I really think that what worked for all the music you just mentioned is that the simplest chord change, or going up the right octave with the chorus, can make really beautiful pop. And I get the same impression from Twelve Stops And Home, that you five understand the structure of really great pop.
We do, but I also think that it takes a little bit of not worrying about being cool to do that. If you have any fear, then you can't write pop music. I think pop music has to be fearless, because if you're writing pop music you will be ridiculed by indie snobs. But you just have to remember that they're wrong, and you're right! [Both laugh] It's so easy to be avant garde. There's no challenge to it! To be cutting edge, supposedly, is so boring. You can't judge it against anything else. Everyone sounds a bit like Joy Division but they haven't got "Love Will Tear Us Apart Again." They've got the sound and they've got the jeans right, but they haven't got the song. Even Joy Division didn't have that many songs! There's a wonderful challenge in pop music. It's not easy to do and I find it really fulfilling.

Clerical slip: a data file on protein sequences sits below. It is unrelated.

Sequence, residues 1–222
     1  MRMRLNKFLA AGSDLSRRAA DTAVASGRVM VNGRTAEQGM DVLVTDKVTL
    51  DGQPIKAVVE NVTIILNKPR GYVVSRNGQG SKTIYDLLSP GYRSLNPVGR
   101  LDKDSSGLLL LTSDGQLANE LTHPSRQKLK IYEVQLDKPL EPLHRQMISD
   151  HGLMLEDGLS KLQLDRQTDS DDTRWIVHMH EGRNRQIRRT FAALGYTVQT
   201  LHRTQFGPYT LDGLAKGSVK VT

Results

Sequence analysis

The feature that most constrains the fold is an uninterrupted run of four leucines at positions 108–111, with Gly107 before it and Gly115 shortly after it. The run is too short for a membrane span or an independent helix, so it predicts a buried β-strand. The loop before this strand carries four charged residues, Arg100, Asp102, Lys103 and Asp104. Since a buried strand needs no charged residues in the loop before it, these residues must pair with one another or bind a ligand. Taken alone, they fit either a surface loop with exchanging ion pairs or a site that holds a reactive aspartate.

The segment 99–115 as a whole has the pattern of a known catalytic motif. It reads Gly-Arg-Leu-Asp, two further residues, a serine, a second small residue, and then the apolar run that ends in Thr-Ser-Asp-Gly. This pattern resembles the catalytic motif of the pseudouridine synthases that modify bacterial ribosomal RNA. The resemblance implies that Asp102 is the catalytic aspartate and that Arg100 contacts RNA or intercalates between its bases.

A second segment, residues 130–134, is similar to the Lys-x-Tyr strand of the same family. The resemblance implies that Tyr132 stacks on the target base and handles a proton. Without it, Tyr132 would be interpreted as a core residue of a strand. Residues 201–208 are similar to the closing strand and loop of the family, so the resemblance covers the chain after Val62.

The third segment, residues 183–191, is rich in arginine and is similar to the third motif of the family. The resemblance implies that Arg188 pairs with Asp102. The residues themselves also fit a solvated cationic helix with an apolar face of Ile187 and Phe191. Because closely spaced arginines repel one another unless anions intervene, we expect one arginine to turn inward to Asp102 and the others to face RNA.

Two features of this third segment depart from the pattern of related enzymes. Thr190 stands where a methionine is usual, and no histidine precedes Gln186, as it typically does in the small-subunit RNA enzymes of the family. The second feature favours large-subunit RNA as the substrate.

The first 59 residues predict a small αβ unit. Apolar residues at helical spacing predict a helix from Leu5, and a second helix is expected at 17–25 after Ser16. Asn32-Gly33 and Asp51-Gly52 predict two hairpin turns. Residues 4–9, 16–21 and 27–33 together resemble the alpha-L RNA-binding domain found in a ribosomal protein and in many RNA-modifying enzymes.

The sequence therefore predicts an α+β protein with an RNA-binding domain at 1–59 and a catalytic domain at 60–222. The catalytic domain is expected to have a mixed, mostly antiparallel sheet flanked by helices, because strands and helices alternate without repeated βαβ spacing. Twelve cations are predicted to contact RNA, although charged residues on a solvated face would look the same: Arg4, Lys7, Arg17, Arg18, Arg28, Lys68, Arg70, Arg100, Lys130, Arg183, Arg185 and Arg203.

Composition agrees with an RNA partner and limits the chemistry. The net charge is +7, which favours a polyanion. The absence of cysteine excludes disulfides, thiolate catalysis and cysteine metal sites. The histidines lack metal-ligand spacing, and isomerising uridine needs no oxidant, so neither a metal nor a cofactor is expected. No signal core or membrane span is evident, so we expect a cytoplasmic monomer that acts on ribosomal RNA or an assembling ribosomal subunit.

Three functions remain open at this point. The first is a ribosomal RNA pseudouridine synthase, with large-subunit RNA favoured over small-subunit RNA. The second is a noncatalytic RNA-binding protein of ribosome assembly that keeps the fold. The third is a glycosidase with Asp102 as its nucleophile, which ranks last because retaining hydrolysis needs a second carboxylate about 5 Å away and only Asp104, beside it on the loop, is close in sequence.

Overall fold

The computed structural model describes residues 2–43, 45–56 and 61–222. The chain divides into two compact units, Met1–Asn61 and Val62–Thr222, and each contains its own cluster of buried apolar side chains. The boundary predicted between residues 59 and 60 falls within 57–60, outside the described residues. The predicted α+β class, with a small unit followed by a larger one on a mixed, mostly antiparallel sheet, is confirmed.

As you know, this site is called Chart Rigger. If you could rig the charts so that one of your singles had made it to #1, which would it have been?